Darling Abstract

The Ottoman Empire’s relationship to its provinces is often seen as one of unmitigated exploitation. This view follows from study of its tax registers, but other kinds of records reveal different aspects of Ottoman governance. This paper uses the mühimme registers (records of “important affairs”) to investigate Ottoman governance in Syria after its conquest in 1516 and to discuss some aspects of this transformation that are not very well researched. Focusing on military and fiscal administration, the paper catalogues the issues addressed in the registers and discusses how the Ottoman state dealt with them. It traces relations between the imperial capital and the province, and between the provincial capital and other localities both internal and external to the province, revealing how the state struggled to control its own officials and to negotiate with provincial powers.

The province’s main resource was men, and the paper traces the different military groups of Syria and their activities. The fact that some Ottoman soldiers possessed Mamluk names points to a degree of continuity between the two regimes. Taxation is not ignored, but along with tax collection, the paper examines the expenditure of revenue in the province and the problems and solutions involved in fiscal management. Some of these processes also raise the question of continuity, or at least comparability, between Ottoman and Mamluk systems of governance.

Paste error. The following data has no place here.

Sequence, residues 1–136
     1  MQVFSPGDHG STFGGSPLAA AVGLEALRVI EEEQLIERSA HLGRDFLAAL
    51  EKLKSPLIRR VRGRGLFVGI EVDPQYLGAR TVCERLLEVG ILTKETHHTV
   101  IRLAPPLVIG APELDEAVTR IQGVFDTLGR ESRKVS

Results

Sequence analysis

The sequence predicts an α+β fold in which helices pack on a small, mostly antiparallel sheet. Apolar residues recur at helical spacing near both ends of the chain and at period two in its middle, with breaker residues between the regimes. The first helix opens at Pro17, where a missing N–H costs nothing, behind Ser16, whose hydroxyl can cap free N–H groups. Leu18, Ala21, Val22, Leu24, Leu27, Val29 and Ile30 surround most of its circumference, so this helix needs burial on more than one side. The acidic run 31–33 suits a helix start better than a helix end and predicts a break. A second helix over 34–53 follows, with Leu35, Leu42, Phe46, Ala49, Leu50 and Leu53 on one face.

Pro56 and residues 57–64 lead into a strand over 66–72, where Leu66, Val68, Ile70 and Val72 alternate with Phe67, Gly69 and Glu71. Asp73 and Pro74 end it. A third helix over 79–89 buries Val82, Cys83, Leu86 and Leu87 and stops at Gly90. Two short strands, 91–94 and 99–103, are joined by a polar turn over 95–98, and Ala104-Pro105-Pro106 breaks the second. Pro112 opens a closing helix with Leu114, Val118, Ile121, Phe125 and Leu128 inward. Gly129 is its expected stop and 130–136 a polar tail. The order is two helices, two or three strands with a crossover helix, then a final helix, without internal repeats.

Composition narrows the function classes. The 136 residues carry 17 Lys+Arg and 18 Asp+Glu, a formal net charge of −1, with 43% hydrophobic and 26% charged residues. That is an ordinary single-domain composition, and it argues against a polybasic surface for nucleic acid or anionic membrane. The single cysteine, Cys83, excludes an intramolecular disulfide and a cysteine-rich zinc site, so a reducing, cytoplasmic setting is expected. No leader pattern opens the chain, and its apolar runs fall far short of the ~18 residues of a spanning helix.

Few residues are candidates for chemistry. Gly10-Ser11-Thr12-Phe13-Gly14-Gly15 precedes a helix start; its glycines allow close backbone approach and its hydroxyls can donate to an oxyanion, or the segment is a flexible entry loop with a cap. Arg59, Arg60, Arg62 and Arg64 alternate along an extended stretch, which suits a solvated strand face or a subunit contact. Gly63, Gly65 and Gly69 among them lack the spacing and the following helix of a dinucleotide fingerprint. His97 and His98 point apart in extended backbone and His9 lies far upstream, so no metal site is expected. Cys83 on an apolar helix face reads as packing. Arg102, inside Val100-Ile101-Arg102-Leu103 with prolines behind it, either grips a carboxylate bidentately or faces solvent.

The paper also addresses the changed relationship between Syria and Egypt, Damascus and Cairo. The sources reflect a separation between the two, as after the conquest each was governed directly from Istanbul, and a shift in the relative status of each province. They also provide some evidence on how this separation and altered status affected the outlook and behavior of officials and subjects.
The Ottoman conquest of the Arab lands coincided with the beginning of the early modern period on both shores of the Mediterranean, ushering in a period of state centralization and great power politics. At that moment, Syria was transformed from a frontier province of the Mamluks, their bulwark against the Mongols, to a rather more central province of the Ottoman Empire, a military and commercial crossroads and a center for pilgrimage traffic. At the same time, Egypt changed from an imperial hub to a breadbasket, whose significance was economic but no longer political. Some implications of these changes visible in the mühimme registers will conclude the paper.
Ansary Abstract: